Say sound like
“ma,” “da,” and “ba.” Try to get your baby to say
them back to you.
Look at your baby when
he makes sounds. Talk back to him, and say what he says. Pretend to have a
Respond when your baby
laughs or makes faces. Make the same faces back to her.
Teach your baby to do
what you do, like clapping your hands and playing peek-a-boo.
Talk to your baby as
you give him a bath, feed him, and get him dressed. Talk about what you are
doing and where you are going. Tell him who or what you will see.
Point out colors and shapes.
Count what you see.
Use gestures, like
waving and pointing.
Talk about animal
sounds. This helps your baby connect the sound and the animal. Use words like
“The dog says woof-woof.”
Add on to what your
baby says. When your baby says, “Mama,” say, “Here is Mama. Mama
loves you. Where is baby? Here is baby.”
Read to your child. You
don’t have to read every word, but talk about the pictures. Choose books that
are sturdy and have large colorful pictures. Ask your child, “What’s
this?” and try to get him to point to or name objects.
2 to 4 Years
Speak clearly to your
child. Model good speech.
Repeat what your child
says to show that you understand. Add on to what she says. Use words like,
“Want juice? I have juice. I have apple juice. Do you want apple juice?”
It’s okay to use baby
talk sometimes. Be sure to use the adult word too. For example, “It is
time for din-din. We will have dinner now.”
Cut out pictures of
favorite or familiar things. Put them into categories, like things to ride on,
things to eat, and things to play with. Make silly pictures by mixing and
matching pictures. Glue a picture of a dog behind the wheel of a car. Talk
about what is wrong with the picture and ways to “fix” it.
Help your child
understand and ask questions. Play the yes–no game. Ask questions such as,
“Are you Marty?” and “Can a pig fly?” Have your child make
up questions and try to fool you.
Ask questions that include
a choice. “Do you want an apple or an orange?” “Do you want to
wear your red shirt or your blue shirt?”
Help your child learn
new words. Name body parts, and talk about what you do with them. “This is
my nose. I can smell flowers, brownies, and soap.”
Sing simple songs, and
say nursery rhymes. This helps your child learn the rhythm of speech.
Place familiar objects
in a box. Have your child take one out and tell you its name and how to use it.
“This is my ball. I bounce it. I play with it.”
Show pictures of
familiar people and places. Talk about who they are and what happened. Try
making up new stories.
4 to 6 Years
Pay attention when your
child talks to you.
Get your child’s
attention before you talk.
Praise your child when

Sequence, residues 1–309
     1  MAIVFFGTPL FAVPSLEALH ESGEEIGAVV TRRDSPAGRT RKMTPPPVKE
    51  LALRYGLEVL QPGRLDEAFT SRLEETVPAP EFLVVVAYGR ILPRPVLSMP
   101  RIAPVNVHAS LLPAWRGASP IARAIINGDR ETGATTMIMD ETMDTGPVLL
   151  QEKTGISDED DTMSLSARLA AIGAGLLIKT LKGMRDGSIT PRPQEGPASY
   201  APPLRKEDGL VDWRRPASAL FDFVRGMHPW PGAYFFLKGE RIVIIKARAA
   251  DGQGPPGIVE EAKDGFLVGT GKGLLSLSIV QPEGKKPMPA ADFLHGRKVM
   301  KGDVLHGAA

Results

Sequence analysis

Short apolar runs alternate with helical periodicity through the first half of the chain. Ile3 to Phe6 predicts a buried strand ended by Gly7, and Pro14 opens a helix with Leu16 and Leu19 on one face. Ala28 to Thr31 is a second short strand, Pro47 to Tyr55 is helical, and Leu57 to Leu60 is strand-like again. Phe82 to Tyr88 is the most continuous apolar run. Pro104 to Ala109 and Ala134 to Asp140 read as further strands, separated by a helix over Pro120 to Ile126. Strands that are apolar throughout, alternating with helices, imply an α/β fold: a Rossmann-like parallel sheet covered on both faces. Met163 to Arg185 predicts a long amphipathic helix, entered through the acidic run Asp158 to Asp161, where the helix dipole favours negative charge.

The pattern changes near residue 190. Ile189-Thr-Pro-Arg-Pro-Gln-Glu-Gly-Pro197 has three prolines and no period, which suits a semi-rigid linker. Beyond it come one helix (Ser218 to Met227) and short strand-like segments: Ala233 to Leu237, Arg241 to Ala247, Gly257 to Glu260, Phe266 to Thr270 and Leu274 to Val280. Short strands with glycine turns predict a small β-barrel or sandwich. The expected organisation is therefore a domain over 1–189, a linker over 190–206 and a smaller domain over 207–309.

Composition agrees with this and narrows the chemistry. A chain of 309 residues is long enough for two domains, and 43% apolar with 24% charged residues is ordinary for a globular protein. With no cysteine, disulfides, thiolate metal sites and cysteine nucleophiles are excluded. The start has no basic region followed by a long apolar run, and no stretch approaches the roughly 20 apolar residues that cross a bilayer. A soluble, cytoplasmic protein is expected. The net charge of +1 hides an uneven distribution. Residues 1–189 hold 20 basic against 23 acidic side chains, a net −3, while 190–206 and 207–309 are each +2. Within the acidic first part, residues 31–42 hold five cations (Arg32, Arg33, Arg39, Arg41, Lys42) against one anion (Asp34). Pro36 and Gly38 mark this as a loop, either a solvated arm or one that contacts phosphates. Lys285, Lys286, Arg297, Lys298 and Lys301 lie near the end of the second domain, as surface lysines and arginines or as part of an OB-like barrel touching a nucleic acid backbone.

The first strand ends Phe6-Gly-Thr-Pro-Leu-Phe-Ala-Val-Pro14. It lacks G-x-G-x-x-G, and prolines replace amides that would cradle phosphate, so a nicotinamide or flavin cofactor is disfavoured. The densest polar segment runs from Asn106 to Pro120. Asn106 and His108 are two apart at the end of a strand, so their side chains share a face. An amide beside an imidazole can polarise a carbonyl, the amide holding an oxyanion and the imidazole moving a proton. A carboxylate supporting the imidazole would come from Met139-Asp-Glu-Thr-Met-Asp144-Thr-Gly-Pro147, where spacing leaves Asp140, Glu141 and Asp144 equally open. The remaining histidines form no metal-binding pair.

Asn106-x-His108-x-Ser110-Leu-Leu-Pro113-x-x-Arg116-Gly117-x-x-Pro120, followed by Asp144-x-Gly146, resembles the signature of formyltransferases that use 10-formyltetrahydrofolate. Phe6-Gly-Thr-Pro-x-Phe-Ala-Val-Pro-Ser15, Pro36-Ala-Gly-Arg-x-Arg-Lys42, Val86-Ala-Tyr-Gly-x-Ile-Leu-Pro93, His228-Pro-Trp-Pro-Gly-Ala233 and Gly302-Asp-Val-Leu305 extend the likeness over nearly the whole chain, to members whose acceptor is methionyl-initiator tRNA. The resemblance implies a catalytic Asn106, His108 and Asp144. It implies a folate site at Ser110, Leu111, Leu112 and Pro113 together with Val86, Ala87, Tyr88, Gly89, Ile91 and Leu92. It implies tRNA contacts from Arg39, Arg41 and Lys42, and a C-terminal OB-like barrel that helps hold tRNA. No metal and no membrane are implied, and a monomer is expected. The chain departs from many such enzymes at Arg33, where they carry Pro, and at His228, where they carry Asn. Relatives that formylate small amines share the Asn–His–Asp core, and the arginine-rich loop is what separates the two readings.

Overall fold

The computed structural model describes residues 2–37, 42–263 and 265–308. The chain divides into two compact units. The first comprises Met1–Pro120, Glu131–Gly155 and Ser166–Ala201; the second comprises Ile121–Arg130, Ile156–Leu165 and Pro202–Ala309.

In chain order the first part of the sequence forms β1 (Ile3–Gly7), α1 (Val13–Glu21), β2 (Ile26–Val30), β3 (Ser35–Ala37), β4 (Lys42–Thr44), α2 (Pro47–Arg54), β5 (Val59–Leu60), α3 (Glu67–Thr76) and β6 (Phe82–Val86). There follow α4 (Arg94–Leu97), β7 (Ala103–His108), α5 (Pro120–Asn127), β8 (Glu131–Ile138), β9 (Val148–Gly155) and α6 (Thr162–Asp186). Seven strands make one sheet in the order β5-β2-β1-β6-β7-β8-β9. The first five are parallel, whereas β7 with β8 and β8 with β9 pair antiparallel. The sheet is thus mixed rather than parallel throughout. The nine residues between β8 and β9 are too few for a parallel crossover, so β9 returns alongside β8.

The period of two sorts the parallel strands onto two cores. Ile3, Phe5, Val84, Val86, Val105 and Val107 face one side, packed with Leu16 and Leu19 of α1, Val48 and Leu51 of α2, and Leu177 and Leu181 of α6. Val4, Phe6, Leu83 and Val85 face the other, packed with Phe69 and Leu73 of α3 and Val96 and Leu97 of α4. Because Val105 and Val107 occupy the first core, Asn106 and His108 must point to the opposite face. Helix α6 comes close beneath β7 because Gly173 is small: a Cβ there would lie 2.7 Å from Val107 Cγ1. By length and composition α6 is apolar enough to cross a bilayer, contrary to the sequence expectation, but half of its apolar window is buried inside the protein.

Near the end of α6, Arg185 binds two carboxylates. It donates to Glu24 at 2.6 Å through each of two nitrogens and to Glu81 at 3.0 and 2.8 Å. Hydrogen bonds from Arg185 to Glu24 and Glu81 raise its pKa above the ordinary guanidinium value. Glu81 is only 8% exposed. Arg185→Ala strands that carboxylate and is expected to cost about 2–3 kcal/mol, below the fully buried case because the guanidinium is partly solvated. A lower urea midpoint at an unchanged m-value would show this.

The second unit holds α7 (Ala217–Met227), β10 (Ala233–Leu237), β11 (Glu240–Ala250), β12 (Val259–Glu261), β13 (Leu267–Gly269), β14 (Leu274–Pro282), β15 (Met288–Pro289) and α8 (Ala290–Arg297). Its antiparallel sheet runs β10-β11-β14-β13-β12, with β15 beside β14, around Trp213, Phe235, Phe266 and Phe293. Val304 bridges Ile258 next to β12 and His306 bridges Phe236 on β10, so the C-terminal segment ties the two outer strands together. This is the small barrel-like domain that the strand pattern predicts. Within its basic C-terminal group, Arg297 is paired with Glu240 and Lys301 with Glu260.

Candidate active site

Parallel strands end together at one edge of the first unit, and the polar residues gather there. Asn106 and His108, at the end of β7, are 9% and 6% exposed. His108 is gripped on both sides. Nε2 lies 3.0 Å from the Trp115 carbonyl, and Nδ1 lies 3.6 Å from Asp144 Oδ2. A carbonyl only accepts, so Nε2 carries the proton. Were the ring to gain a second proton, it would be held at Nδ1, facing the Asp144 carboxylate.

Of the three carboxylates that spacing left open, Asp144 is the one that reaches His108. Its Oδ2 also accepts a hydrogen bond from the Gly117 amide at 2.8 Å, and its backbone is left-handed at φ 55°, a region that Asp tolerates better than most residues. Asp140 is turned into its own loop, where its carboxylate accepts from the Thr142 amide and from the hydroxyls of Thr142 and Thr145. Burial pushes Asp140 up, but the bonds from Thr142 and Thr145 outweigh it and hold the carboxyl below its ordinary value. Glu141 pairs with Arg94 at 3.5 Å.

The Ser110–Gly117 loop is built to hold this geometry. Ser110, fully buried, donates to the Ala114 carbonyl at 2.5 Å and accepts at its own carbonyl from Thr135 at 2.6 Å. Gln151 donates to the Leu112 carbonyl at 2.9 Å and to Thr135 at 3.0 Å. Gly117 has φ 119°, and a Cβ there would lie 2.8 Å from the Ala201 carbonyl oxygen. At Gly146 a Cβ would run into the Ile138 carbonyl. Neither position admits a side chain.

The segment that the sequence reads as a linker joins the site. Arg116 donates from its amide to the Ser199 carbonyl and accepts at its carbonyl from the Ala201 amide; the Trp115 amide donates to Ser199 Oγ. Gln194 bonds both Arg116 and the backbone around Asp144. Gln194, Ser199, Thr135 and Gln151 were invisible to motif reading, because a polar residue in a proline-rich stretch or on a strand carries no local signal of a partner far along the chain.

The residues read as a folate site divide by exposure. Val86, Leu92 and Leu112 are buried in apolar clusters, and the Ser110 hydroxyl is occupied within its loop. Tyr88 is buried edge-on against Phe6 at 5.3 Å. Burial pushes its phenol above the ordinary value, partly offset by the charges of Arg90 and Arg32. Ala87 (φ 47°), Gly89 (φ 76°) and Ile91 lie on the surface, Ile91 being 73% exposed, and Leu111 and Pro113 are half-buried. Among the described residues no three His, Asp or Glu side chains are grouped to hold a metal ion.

she tells you something. Show that you understand her words.
Pause after speaking.
This gives your child a chance to respond.
Keep helping your child
learn new words. Say a new word, and tell him what it means, or use it in a way
that helps him understand. For example, you can use the word
“vehicle” instead of “car.”
You can say, “I think I will drive the vehicle to the store. I am
too tired to walk.”
Talk about where things
are, using words like “first,” “middle,” and
“last” or “right” and “left.” Talk about
opposites like “up” and “down” or “on” and
Have your child guess
what you describe. Say, “We use it to sweep the floor,” and have her
find the broom. Say, “It is cold, sweet, and good for dessert. I like
strawberry” so she can guess “ice cream.”
Work on groups of items,
or categories. Find the thing that does not belong in a group. For example,
“A shoe does not go with an apple and an orange because you can’t eat it.
It is not round. It is not a fruit.”
Help your child follow
two- and three-step directions. Use words like, “Go to your room, and
bring me your book.”
Ask your child to give
directions. Follow his directions as he tells you how to build a tower of
Play games with your
child such as “house.” Let her be the parent, and you pretend to be
the child. Talk about the different rooms and furniture in the house.
Watch movies together
on TV or a tablet. Talk about what your child is watching. Have her guess what
might happen next. Talk about the characters. Are they happy or sad? Ask her to
tell you what happened in the story. Act out a scene together, or make up a
Use everyday tasks to
learn language. For example, talk about the foods on the menu and their color,
texture, and taste when in the kitchen. Talk about where to put things. Ask her
to put the napkin on the table, in your lap, or under the spoon. Talk about who
the napkin belongs to. Say, “It is my napkin.” “It is
Daddy’s.” “It is Tamara’s.”
Go grocery shopping
together. Talk about what you will buy, how many things you need, and what you
will make. Talk about sizes, shapes, and weight.